Thank you Acting Associate Attorney General Tony West for that introduction and for your leadership on these issues, and thanks to all of you for attending.
As you just heard, this was a banner year for False Claims Act recoveries. By focusing on rooting out fraud like never before, this Administration has achieved record returns for the U.S. Treasury and demonstrated the power of the False Claims Act for addressing fraud.
In addition to the record-breaking amounts of money recovered for the taxpayers over the past four years, it is important that we not lose sight of the fact that the individual cases that are rolled up in these numbers have a real effect on individual people.
These cases involve a risk of harm to children and seniors, like in the cases against GlaxoSmithKline and other pharmaceutical companies that marketed their products for uses that were never approved by the FDA, undermining quality care and patient safety.
They involve a risk of harm to our men and women in uniform, like the case against ATK, which sold defective flares to the U.S. Military.
They involve a risk of harm to homeowners, like in the Department’s settlement with the five largest mortgage servicers. By resolving our claims, the Department both collected money owed to the Treasury and also protected homeowners from abusive foreclosure practices.
So as our cases this year show, fraud against the government is not just a problem that affects us as taxpayers. It is a problem that affects us as parents and as patients. It puts service members and law enforcement officers at risk. It is an epidemic that plagues every aspect of our daily lives.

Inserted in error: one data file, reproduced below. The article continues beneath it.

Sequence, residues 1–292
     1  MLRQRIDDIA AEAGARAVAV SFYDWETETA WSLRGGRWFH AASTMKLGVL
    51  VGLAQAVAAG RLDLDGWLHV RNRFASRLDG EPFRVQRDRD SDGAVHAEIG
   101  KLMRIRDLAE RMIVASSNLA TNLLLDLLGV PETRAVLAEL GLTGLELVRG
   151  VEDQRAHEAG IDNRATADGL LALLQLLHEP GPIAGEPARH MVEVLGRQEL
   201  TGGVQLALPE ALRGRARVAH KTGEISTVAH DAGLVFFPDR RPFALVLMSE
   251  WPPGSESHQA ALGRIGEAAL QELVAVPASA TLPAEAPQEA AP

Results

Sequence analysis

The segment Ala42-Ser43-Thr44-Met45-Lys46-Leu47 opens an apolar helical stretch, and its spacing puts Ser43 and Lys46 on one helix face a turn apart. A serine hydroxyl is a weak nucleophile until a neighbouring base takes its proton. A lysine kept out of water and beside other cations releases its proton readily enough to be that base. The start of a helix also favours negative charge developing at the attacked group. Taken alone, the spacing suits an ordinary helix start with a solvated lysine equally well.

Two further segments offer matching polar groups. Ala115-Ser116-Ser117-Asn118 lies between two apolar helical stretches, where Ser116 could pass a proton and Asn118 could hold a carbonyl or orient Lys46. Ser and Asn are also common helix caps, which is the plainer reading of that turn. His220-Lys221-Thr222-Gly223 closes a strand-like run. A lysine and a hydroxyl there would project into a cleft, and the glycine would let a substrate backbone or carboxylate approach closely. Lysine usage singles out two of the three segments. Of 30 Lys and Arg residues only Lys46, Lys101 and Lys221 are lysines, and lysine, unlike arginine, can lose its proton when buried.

And that’s why the record-breaking figures of the past four years are only part of the story. The Department’s False Claims Act work not only protects the Treasury, but also reflects a deep commitment to protecting the health and safety of all Americans and bringing about meaningful change to eliminate cheating from business practices.
We know that enforcement alone will not get us out of this problem. So our agency partners are working hard to root out fraud before it happens, and they negotiate compliance agreements in connection with their administrative remedies that establish tough structures to help prevent further instances of fraud.
And the Department, in significant resolutions such as this year’s record-breaking settlement with GSK, is pursuing non-monetary remedies and other measures to promote future compliance with the law as a part of our criminal and civil resolutions. These forward-looking provisions reflect our view that preventing fraud from occurring is a far better outcome than attacking fraud after the fact.
And no one understands this better than the courageous citizens who serve as our enforcement partners. Many of these cases would not be possible without the whistleblowers, known as relators, who have come forward to report fraud, often at great personal risk.
We thank them for their service to the country and look forward to continued, productive collaboration in the years ahead.
Finally, I want to echo the Acting Associate Attorney General’s comments about Senators Leahy and Grassley and Congressman Berman, as well as to thank our partners at the offices of Inspector General, the FBI, and many other public servants across the country who contributed to these matters.
In particular, I want to recognize the dedicated attorneys, investigators, auditors, and support staff of the Fraud Section of the Civil Division – here in Washington – and in the U.S. Attorney’s Offices around the country, whose work is reflected in these results. These professionals are public servants in the true sense of the word. The best part of this job is supporting them as they use all the legal tools at their disposal to run down leads, find witnesses, and build compelling cases against those who have defrauded their country. The taxpayers could not have better advocates. So to all of my colleagues, I am proud of the work you do and inspired by your passion.
Thank you very much, and we look forward to your questions.